Technical analysis is the study of the market itself
rather than an evaluation of the factors affecting the supply of, and demand
for, a commodity. The important components of technical analysis are prices,
market volume and open interest. As this technical approach only considers the
market, it must take into account fluctuations that reflect traders' actions and
that are not necessarily associated with supply-and-demand cycles. The basic
assumption of all technical analyses is that the market in the future can be
forecast merely by analyzing the past behaviour of the market (although many in
the coffee trade find this hard to accept).
Detailed technical analysis is not possible for all
or even most traders. The most important elements for accurate decision-making
are close contacts with the markets and with knowledgeable individuals in the
trade. However, if charting specialists supply the analysis within a usable
period of time, technical analysis can provide useful additional information,
particularly for medium-term forecasts.
The main tools of
analysis are past price patterns that are shown in various forms of charts or
graphs. The changes in the volume of open positions (i.e. the number of
futures or option contracts outstanding on a given commodity) and the total
volume of operations in the market are also examined.Charts often use a moving
average to record and interpret price trends. In most charts, an average moves
with time as the newest price information is incorporated into the average and
the oldest price is discarded. For example, a simple three-day moving average of
the daily closing price of a commodity changes as follows: on Wednesday, the sum
of closing prices on Monday, Tuesday and Wednesday is divided by three; on
Thursday, the sum of closing prices for Tuesday, Wednesday and Thursday is
divided by three; and so on. Analysts can average prices over a period of hours,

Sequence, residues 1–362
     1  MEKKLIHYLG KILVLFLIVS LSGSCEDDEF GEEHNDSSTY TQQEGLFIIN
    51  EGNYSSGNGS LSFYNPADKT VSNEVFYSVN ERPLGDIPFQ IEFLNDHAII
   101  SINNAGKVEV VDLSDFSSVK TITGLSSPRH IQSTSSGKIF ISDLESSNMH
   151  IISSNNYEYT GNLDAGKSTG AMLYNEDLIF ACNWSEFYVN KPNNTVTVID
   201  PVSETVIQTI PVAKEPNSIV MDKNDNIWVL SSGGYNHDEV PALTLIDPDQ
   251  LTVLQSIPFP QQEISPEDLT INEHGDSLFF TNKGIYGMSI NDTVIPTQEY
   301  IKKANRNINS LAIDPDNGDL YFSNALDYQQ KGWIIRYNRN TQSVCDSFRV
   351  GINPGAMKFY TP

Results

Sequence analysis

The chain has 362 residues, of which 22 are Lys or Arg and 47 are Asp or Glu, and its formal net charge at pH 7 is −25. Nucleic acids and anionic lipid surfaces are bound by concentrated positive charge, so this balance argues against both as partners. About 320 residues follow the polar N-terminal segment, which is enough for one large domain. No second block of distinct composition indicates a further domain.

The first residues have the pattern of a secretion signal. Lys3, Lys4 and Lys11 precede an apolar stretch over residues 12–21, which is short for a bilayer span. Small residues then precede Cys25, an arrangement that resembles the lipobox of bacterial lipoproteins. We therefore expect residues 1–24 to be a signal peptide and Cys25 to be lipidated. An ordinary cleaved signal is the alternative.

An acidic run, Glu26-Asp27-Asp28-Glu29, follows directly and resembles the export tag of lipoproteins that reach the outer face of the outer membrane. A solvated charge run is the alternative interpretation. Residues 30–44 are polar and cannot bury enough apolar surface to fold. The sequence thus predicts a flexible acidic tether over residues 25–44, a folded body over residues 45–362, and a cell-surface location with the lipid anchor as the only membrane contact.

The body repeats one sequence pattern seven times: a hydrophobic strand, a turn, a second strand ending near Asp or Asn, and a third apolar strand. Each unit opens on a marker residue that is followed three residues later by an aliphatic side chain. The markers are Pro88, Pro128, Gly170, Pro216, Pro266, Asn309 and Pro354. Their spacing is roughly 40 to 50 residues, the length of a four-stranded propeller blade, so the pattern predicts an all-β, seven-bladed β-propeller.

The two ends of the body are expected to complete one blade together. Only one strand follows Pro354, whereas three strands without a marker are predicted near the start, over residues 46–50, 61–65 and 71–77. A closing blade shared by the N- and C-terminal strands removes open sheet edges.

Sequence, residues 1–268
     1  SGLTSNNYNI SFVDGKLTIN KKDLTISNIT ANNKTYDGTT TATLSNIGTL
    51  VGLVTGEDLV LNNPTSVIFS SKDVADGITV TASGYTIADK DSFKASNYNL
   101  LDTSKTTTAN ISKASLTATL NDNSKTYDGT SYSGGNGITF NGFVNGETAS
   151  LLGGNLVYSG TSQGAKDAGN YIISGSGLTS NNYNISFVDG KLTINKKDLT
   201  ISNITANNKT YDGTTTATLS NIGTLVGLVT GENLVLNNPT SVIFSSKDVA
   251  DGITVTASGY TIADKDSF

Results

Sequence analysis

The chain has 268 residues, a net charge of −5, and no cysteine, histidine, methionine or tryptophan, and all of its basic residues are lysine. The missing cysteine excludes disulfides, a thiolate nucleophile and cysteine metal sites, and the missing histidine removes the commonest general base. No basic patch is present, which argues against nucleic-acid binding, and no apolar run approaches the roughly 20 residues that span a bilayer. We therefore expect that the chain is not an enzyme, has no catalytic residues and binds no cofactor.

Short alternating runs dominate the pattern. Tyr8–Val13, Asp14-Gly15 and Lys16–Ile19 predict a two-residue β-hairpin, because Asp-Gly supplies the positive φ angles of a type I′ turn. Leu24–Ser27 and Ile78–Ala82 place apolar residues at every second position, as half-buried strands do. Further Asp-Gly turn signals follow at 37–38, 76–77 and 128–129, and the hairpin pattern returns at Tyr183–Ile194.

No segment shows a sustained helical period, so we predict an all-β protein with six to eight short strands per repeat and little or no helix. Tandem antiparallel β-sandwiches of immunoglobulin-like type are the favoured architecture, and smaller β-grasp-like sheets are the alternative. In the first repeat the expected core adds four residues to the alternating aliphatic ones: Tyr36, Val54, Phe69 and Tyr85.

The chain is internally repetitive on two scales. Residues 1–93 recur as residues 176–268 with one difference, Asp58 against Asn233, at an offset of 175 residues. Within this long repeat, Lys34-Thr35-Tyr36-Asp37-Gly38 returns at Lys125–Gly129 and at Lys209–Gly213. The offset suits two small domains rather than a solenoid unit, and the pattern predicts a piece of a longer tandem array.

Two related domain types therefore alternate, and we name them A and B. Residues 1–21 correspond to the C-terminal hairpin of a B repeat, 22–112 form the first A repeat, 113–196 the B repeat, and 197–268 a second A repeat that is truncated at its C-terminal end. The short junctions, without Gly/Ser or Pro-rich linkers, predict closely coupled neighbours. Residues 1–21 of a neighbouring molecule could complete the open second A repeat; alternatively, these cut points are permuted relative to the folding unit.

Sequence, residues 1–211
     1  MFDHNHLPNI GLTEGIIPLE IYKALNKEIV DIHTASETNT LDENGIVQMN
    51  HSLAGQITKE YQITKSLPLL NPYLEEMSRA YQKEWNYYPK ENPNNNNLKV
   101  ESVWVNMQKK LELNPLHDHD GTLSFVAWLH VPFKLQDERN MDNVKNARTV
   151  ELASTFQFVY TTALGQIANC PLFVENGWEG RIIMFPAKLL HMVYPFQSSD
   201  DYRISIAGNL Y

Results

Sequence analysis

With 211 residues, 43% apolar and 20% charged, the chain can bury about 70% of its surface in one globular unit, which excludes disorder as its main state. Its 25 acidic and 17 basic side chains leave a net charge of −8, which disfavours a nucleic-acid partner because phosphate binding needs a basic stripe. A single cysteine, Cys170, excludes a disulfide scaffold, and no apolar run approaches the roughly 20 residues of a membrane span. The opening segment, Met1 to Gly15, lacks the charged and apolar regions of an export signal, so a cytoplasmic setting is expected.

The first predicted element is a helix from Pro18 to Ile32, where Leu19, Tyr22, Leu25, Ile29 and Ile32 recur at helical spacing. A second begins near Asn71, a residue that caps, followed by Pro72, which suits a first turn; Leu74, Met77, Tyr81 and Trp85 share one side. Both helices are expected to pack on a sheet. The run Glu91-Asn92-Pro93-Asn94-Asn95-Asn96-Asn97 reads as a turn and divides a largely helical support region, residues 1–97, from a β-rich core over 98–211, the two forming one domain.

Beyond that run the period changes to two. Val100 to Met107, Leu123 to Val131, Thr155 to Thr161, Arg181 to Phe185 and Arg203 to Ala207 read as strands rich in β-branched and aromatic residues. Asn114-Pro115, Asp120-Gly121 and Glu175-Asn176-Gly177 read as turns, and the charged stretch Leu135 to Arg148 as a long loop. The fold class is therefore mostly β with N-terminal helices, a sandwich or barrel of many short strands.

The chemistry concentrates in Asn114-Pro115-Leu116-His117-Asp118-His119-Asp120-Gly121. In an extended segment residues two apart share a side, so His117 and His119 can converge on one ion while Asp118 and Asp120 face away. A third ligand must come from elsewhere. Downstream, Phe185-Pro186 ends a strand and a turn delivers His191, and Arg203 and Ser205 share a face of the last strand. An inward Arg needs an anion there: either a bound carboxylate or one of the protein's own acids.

days, months or even years, depending on their needs.
The value of the moving average always lags behind
the current market price. When prices are rising in bull markets, the moving
average will fall below the current price.
However, the moving average in a bear market will be
higher than the current price. When the trend in prices is reversed, the moving
average and the current price cross each other.
While advocates of charting accept that fundamental
factors are the prime determinants of commodity prices, they point out that
these factors cannot predict prices. They argue that the graphs incorporate all
the fundamental factors that shape prices and also reflect the subjective market
reaction to these factors. The alternative argument holds that although the
price curve and other elements of the graph are real and objective, the
interpretation is necessarily subjective. Thus the same graph can give
contradictory signals to different readers.
In reality there is likely to be substantial overlap
between the fundamental approach and the charting approach. It is common for
operators to determine the market trend by studying fundamental factors and to
then select the right time to enter the market by referring to the charts.
Similarly, chart advocates also study other factors beyond the limit of
technical analysis. They may consider the number of marketing days left before a
position expires, the amounts notified for delivery on the exchange, the
situation of the longs, and the possibility of accepting deliveries on the
exchange without adverse results.
Many companies specialize in producing charts for
various commodities and most have their own websites where it is possible to
access charting information such as price history, volumes, open interest and
technical studies. In addition all of the Internet coffee information sites,
such as www.theice.com , www.liffe.com , www.coffeenetwork.com , www.tradingcharts.com and www.futures.tradingcharts.com have charting
ability and analysis. Most of these websites carry not only price, but also
volume and open interest, all of which are discussed in other parts of